Virgin Black
Sombre Romantic

Upon initial listening of Sombre Romantic I began to think, “Wow, has the End Records finally signed an average band? Will this be the first negative review of a End Records release?” But then dammit all to hell, I became absorbed by this deftly crafted piece of depressive art.

Sharing structural and musical similarities to the recent Green Carnation release (but much darker), Virgin Black are yet another band that reaches out and pulls forth emotions from the listener by creating a deeply moody and intrinsic sense of heartrending atmosphere. Hailing from Australia, Virgin Black’s debut album is ambitious, sweeping and at times a tad too artsy for my taste. You know you are in for an “artsy” album when the song titles are broken down into chapters and the lyrics have side notes like, “*Perceived limitations.” Nonetheless, this is an excellent album for the connoisseur of fine morose music.

I should warn you extreme metal heads – this stuff is deeply rooted in classical structures with an operatic emphasis on vocals, piano and string instrumentation. The doomy gothic guitars are not really the focal point of the music, but more of a accompaniment to the soundtrack-type scale. Sure, there are some aggressive moments, like “Drink the Midnight Hymn” and “I Sleep with the Emperor,” but they are a tiny piece of an otherwise beautiful and sombre puzzle, and frankly not nearly as impressive or absorbing as the rest of the material.

Where Virgin Black excels is when creating a melancholy, depressive state of … well, sombre Romanticism. Encompassing every aspect to the gothic/doom genre, Virgin Black add their own stamp of sullen individuality by adding Gregorian chants and some very “programmed” sounding drums. Yes, at times, Sombre Romantic did remind me of Enigma, but this proves to be an effective tool for creating Virgin Black’s solemn world. Also, benefiting the music is the lack of reliance on a female vocalist to imbue the ambience of the music. The vocals are solely handled by Rowan London (except for the choirs and chants), who does as admirable job of creating all the necessary hues for such an album. His pinnacle (as well as the band’s) being the amazing “Museum of Iscariot,” a stunning piece of music, accomplished with no more than vocals, strings and acoustics.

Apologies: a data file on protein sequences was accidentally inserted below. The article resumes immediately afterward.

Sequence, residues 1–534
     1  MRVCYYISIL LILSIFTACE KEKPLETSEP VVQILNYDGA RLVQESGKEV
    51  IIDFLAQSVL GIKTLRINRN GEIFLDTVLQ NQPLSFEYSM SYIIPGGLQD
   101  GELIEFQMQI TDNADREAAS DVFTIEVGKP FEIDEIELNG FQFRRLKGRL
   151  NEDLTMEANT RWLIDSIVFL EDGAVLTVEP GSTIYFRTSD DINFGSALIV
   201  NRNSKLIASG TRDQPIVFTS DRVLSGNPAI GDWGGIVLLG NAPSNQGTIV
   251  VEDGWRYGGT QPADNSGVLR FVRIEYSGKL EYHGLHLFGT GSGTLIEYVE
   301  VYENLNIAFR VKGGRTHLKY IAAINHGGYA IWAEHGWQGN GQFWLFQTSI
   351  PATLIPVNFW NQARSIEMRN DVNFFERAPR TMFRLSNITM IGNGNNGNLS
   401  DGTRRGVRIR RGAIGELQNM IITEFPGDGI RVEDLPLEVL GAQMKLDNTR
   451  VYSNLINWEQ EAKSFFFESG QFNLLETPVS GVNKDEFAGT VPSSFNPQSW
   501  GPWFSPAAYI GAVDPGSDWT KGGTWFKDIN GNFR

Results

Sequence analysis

Sometimes Virgin Black do stagger into the realms of the more familiar, such as the guitar work on “Lamenting Kiss” that did bring to mind the more depressive moments of early Anathema and My Dying Bride while some of the choral usage is reminiscent of Therion. Other than some of these fleeting moments, Virgin Black are in fact quite unique, and capable of creating some very moving music, similar in style to some of the bold stylings of recent Anathema, without being drastically commercial. Virgin Black retains a gloriously over-the-top sense of sadness. And while sadness is normally achieved in a bleak monotone droning fashion, Virgin Black injects a wonderful sense of dark variety into the moribund proceedings. “A Poets Tears of Porcelain” is a superb example of how to create a deep sense of loss with a glimmer of hope.

The only real downside is the programmed drums that take away from the emotional, organic aspect of the songs. However, they have managed to continue the reputation of The End Records by releasing a very good album that stands somewhere between labelmates Green Carnation and Sleepless, and further adds to the fact the End records are one of the best labels around. If ever there was an album title and cover that summed up an album’s contents, it is Sombre Romantic.

[Visit the band's website]
Written by Erik T
February 12th, 2001


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